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Los efectos de las prcticas agrcolas sobre la calidad y la cantidad de nectar en coffea spp.
The effects of farming practices on nectar quality and quantity in Coffea spp.
In the developing world traditional low-input farming practices are being replaced with high-input practices as a way to increase yield. The environmental and economic impact of inputs has driven researchers to seek ways to minimize inputs while maximizing crop yields. In some crops, like Coffea spp., pollination plays an important role in yield. The purpose of this experiment is to compare nectar quality and quantity of Coffea flowers between low-
input and high-input farms, demonstrating a link between practices, pollination, and crop yield. I found that more traditional, low-input practices have higher sugar concentration than high-input practices (t = 2.82; p = 0.006). The mean sugar concentration for the high-input practice is 27.9% 3.0 and for the Low Input practice is 29.8% 3.4. Although, there was no statistical difference between nectar quantities (t = 1.35; p = 0.19), there was a trend toward higher quantities in low-input practices. The mean quantity for the high-input practice is 0.047 0.02 mm and for the low-input practice is 0.07 0.13 mm. Though preference studies in pollinators, like honeybees, (Apis mellifera) show bees cannot distinguish between nectars of less than 4%, perhaps patches with higher quality nectars receive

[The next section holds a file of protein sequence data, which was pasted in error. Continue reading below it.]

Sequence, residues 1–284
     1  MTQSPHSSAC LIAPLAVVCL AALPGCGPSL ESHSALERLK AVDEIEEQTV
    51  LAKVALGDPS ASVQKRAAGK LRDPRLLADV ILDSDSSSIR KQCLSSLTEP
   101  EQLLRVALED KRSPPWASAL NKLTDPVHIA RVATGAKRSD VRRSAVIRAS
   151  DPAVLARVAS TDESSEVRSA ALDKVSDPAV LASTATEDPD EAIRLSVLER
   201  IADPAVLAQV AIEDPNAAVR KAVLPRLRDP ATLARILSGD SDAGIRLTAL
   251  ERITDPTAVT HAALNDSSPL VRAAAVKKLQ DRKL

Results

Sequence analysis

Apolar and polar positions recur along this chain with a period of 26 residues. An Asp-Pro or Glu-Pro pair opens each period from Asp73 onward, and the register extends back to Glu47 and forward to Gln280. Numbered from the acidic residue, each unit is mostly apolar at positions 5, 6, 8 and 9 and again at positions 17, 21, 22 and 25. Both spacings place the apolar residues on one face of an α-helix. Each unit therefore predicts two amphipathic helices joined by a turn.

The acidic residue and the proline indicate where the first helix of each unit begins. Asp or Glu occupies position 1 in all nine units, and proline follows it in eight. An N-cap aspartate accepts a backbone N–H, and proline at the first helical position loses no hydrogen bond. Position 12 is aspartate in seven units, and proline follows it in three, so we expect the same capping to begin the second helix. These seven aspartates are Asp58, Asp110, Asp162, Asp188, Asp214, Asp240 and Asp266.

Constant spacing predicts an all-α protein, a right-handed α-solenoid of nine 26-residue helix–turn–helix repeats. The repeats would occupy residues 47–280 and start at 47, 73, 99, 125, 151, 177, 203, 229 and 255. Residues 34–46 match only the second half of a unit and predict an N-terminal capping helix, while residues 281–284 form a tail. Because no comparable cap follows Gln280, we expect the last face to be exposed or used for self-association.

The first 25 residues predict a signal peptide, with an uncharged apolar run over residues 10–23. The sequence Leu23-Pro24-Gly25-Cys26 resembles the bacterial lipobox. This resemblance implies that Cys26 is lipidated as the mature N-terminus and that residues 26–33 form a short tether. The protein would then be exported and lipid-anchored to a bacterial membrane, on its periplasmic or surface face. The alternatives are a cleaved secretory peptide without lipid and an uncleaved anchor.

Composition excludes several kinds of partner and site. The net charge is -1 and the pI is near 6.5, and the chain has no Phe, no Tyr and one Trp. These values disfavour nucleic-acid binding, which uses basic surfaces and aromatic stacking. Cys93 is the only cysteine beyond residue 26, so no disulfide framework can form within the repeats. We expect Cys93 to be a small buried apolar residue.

better pollinator service and impact farm yield. The more traditional, low-input farm has 2% higher yields. Though data suggest a link between management and nectar quality, further study is needed to more directly link reward, pollinator service and yield.
En los pases en desarrollo las practicas tradicionales de poco impacto estn siendo remplazados por tcnicas de mayor impacto como una forma de incrementar su produccin. Los impactos ambientales y econmicos de las tcnicas de cultivo han llevado a los investigadores a buscar formas de minimizar el impacto y aumentar la produccin. En algunos cultivos, como el caf la polinizacin juega un papel importante en la produccin. El objetivo de este experimento fue comparar la calidad y la cantidad del nctar en las plantas de caf, para demostrar un enlace entre las prcticas del cultivo, la polinizacin y la produccin.
Text in English.
Pollination by bees
Polinizacin por abejas
Rendimiento de cultivos
Tropical Ecology 2009
Low-input farming practices
High-input farming practices
Ecologa Tropical 2009
Prcticas de bajos insumos agrcolas
Prcticas de altos insumos agrcolas
Servicio de polinizadores
t Monteverde Institute : Tropical Ecology